OUIJA: Room 9 and my real-life ghost story

New York, Writing, YA Fiction

I was pretty flattered to have been asked by Wattpad to contribute a story in support of Universal Pictures’ theatrical release of Ouija: The Movie. The only requirement for the story’s plot was that it feature a ouija board.

Seriously… no problem.

When I was a student at NYU, it was common knowledge that the school’s biggest freshman dorm, Rubin Hall, had been an apartment building before being converted into the Hotel Grosvenor in 1925, and then was turned into a dormitory in 1964.

Assigned to a room on the twelfth floor as a freshman, I hear rumors about strange occurrences on other floors all the time. There was (terrifyingly) one corner room at the end of a dark hallway that was sealed and unavailable for student occupancy, and as far as any residents knew, it always had been. Equally scary was room 903. The girls who lived there said that the water in the bathroom dripped constantly from the sink and tub unless you marched in there and demanded that it stop. Then, it did. Without fail. Items went missing in that room, doors closed on their own. The occupants never felt unsafe, but were all convinced that the room was haunted by a benevolent ghost who just enjoyed messing with them. He, who they called Stanley, just wanted attention.

This was the early nineties, a few years before all college students had their own computers and could easily Google the history of their dorm room assignment. The stories about the haunted rooms at Rubin were passed down in a vocal history that spanned decades. Another common rumor about the hotel was that Mark Twain had once lived there back when it was a hotel, and that Rick Rubin began his career as a music producer in his own room there, hosting parties at which the Beastie Boys were in attendance (sources are conflicted on the latter rumor, as it’s also believed that Def Jam originated a few blocks away at Weinstein Hall).

I did not have a ghostly disturbance in my room freshman year, although I did have two bothersome roommates. However, my luck ran out the summer between sophomore and junior years when I landed in Room 903 by myself for a few weeks. Like the girls I’d known as a freshman, I never felt like I was surrounded by an evil presence in the room, but I also never felt… alone.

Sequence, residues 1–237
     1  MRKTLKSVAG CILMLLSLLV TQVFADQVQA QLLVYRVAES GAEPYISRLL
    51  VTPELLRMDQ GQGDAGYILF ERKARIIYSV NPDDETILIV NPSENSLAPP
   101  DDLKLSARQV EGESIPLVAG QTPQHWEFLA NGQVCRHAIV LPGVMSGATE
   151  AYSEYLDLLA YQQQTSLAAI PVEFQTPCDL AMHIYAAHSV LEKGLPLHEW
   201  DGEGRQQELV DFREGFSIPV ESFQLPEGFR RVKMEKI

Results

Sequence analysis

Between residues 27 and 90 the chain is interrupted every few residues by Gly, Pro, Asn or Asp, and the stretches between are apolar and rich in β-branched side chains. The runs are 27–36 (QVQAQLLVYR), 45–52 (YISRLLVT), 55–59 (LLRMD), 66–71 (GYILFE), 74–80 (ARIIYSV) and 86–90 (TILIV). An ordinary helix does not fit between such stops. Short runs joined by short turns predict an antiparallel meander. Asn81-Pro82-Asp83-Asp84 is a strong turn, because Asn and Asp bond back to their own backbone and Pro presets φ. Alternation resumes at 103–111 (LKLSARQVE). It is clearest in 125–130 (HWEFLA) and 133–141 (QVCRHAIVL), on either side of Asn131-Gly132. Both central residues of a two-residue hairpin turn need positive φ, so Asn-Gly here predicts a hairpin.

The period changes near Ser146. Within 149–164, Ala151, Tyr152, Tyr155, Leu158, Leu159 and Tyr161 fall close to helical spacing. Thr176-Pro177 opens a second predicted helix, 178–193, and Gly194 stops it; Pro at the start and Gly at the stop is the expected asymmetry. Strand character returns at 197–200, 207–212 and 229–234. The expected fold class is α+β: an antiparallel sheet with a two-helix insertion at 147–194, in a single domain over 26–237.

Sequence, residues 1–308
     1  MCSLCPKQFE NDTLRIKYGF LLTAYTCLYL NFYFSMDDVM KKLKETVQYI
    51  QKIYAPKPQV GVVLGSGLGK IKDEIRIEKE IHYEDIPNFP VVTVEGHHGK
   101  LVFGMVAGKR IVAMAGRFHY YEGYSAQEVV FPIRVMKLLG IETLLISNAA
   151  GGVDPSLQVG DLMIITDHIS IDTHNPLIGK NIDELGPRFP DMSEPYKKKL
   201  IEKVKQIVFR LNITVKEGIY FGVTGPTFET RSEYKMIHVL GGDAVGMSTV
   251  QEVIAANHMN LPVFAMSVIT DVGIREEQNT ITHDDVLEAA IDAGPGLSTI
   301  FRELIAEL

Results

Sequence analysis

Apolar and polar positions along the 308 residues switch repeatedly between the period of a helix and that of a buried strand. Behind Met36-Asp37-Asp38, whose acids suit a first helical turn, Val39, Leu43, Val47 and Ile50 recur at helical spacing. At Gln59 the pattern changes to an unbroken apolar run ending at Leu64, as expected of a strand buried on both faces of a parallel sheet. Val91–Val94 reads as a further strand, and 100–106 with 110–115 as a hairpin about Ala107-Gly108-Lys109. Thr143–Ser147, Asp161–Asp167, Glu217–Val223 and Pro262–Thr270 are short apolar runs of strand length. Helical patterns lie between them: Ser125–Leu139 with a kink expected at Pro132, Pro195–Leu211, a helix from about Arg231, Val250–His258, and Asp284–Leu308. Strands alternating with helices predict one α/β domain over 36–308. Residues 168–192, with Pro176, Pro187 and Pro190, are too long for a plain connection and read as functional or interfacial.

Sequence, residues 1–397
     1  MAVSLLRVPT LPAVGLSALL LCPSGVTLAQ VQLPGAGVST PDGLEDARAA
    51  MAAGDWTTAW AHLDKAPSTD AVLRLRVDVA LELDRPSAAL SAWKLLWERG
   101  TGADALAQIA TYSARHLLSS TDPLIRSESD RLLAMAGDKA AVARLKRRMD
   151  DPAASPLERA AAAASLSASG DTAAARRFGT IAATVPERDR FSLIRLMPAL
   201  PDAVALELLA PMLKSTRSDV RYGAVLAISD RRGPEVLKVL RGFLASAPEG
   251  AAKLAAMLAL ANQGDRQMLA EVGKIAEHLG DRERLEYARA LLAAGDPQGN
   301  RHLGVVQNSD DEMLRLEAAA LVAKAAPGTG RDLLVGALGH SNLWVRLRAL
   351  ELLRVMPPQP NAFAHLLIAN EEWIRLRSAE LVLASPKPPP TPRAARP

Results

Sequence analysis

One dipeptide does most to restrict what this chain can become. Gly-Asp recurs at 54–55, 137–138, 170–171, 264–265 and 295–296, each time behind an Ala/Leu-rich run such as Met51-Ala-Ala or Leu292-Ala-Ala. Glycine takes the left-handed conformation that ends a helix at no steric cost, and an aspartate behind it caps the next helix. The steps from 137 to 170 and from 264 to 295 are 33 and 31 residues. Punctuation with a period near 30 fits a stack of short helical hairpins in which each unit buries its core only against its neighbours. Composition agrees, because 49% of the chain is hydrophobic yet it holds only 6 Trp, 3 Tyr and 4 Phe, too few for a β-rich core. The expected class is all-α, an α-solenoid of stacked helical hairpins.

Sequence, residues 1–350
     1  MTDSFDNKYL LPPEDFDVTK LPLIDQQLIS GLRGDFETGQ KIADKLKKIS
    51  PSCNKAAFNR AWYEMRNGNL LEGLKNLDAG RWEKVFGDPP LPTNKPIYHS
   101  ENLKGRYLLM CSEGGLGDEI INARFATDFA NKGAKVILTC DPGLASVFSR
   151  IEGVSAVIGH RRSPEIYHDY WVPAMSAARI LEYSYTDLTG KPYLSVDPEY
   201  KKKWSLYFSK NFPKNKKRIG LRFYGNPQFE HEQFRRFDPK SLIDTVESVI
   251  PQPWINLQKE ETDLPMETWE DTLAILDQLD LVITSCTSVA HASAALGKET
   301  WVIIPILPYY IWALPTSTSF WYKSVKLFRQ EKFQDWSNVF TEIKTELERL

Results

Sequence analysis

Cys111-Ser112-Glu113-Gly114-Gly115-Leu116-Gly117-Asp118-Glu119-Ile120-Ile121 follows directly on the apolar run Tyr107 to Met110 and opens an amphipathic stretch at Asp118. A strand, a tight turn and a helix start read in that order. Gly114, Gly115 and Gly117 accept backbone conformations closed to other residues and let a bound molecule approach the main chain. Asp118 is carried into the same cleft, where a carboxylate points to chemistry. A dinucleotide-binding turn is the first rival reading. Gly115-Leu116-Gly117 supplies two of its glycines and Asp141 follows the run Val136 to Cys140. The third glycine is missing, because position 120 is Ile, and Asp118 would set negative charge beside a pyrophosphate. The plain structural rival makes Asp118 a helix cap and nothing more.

My experience that summer inspired my contribution to the Ouija marketing campaign, Room 9C, which quickly found a fan in Poland who asked Universal Pictures if she could translate it into Polish.

Ouija cover

 

 

 

 

 

 

 

 

 

Room 9C in Polish

 

Breaking hearts, enchanting minds

Light as a Feather, Writing, YA Fiction

Every author likes to imagine her reader reaching the last page of a book and wondering how life will possibly go on now that the story has ended.

Or, at least, that’s one of my favorite fantasies (mine, truthfully, are more elaborate, involving tears, negotiations with God, and a slow descent into madness). When I reached the last page of The Goldfinch, I stared at my Kindle for a good half hour wondering how on earth I could continue on with affairs not knowing what becomes of Boris.  This is not a new phenomenon. As a teenage I cried for an entire weekend at the end of Tiger Eyes.

My fantasy has sort of become a reality, because I hurriedly posted the last chapter of the interim sequel to Light as a Feather, Stiff as a Board that I’ve been writing for the Wattpad community on Sunday, and madness ensued.

Here, for your enjoyment, are some of the comments.

jadox

Jeraldfaelnar KaciDanielle Keysiheart Leilani163 madika101 michk96

A New Cover, and Tips for Writing for YA

Light as a Feather, Writing, YA Fiction

My paranormal romance for teens, Light as a Feather, Stiff as a Board, was published just about a year ago, and to switch things up, we changed the cover last week. I think readers approve, because it’s suddenly #1 on the Amazon free teen paranormal romance and Pageflex Persona [document: PRS0000030_00036]horror lists. Exciting!